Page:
February 1st, 2011, 01:41 PM
megpie
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I saw an interview with the author on tv last week. I found it very interesting as well. I won't do Ava's room all in princess or any commericalized *crap* only because it bugs me! Ava can definitely get wrapped up in the whole fantasty of it, wanting Lucas to treat her like a princess, help her down the stairs, etc. He gets sick of it! Ha!

I think it's a lot about balance. If your daughter's life is nothing but crowns, dress-up, Disney, etc. it's not good. It's a good thing she has brothers, so she also has Matchbox cars, racetracks, trains, Legos, etc.

I remember a couple years ago I saw an interview with some lady (can't remember who it was) and it was on a similiar subject. She had two daugthers and she said she purposely would NOT say "...and they lived happily ever after..." at the end of all those princess/disney books. That has always stuck with me.
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  #5  
February 1st, 2011, 06:37 PM
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Location: Louisiana
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I dont think Disney princess is the issue in the behavior of young girls. Its all the other stuff young girls deal with. At Blairs age (5) she isnt intrested in being princessed up all the time. And she doesnt worry about make up, hair, clothes, ect. By the time those things are important to her it wont be disney princess shell be getting bad messages from. Itll be commercials, peers, and tv shows like icarley, hannah montana, ect.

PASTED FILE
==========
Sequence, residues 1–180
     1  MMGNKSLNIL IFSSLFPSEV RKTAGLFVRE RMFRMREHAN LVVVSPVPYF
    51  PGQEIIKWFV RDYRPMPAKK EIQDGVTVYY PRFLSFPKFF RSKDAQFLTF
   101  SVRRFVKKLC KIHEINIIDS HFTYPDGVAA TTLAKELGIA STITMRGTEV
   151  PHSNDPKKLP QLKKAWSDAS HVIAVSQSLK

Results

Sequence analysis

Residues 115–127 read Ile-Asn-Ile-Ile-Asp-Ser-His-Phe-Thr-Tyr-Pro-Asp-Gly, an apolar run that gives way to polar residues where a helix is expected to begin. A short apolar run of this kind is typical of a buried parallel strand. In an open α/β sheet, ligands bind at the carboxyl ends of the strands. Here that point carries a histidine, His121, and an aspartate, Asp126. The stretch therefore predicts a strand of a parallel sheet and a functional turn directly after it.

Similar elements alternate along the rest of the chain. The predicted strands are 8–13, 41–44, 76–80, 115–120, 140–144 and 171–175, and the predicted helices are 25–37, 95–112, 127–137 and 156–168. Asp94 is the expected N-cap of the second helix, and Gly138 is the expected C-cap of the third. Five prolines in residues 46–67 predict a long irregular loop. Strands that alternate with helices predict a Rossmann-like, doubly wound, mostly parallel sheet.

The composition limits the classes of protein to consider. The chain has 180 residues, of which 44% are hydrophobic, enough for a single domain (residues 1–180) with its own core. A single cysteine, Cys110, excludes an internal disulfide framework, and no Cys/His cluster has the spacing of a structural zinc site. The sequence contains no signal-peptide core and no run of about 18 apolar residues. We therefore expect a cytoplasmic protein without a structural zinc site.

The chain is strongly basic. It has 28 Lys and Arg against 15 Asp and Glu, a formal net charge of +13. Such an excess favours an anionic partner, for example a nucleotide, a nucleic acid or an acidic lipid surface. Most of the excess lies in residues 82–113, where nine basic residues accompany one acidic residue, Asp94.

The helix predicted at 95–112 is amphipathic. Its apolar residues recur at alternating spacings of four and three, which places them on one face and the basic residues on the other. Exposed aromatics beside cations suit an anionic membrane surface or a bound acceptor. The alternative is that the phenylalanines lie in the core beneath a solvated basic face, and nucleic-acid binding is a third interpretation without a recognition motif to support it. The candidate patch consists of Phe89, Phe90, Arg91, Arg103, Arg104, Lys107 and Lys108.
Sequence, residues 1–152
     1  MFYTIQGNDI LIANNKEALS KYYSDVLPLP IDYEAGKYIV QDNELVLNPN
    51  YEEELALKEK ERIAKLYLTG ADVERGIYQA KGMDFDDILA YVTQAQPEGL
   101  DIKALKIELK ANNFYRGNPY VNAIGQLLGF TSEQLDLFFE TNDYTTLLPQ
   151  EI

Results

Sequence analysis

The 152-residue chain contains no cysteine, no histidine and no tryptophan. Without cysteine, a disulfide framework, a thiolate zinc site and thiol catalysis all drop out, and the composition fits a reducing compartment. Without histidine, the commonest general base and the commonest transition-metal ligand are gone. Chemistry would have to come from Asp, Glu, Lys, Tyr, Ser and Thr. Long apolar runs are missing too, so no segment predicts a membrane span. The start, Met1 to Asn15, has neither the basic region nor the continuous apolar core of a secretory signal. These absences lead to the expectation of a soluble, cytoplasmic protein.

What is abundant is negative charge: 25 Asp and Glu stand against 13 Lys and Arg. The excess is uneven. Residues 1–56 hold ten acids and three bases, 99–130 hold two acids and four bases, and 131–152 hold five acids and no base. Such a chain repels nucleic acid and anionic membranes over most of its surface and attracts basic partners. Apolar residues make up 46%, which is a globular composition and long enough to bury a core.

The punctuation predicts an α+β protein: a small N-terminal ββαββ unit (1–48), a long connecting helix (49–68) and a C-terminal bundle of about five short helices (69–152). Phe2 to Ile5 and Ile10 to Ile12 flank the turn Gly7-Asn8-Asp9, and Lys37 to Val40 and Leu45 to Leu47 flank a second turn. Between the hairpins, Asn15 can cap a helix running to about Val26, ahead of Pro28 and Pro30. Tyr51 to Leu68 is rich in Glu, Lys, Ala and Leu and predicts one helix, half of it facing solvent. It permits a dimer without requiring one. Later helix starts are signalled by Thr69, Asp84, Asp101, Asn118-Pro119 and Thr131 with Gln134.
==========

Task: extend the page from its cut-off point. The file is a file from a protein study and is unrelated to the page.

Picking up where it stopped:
Im a dr. Phil fan and it sticks with me that the #1 influence on a child is thier same sex parent. Blair sees me all the time leaving the house with no make up, I dont spend hours on clothes shopping and getting dressed, i dont obsess over my wieghr ect. Im SHOWING her its ok to be me and Im comfortable with me. As far as prince charming I hope she learns from seeing dh and Is marriage that marriage is about ups and downs and you work through it. We fight and we forgive and say sorry. Granted we arent fighting ALL the time around herbut she has seen it here and there and we talk with her when that happens. We tell her that we have feelings just like her and we get angry and frusterated and we loose control too when we shouldnt. She knows we arent perfect, no one is. And I feel thats important to teach them.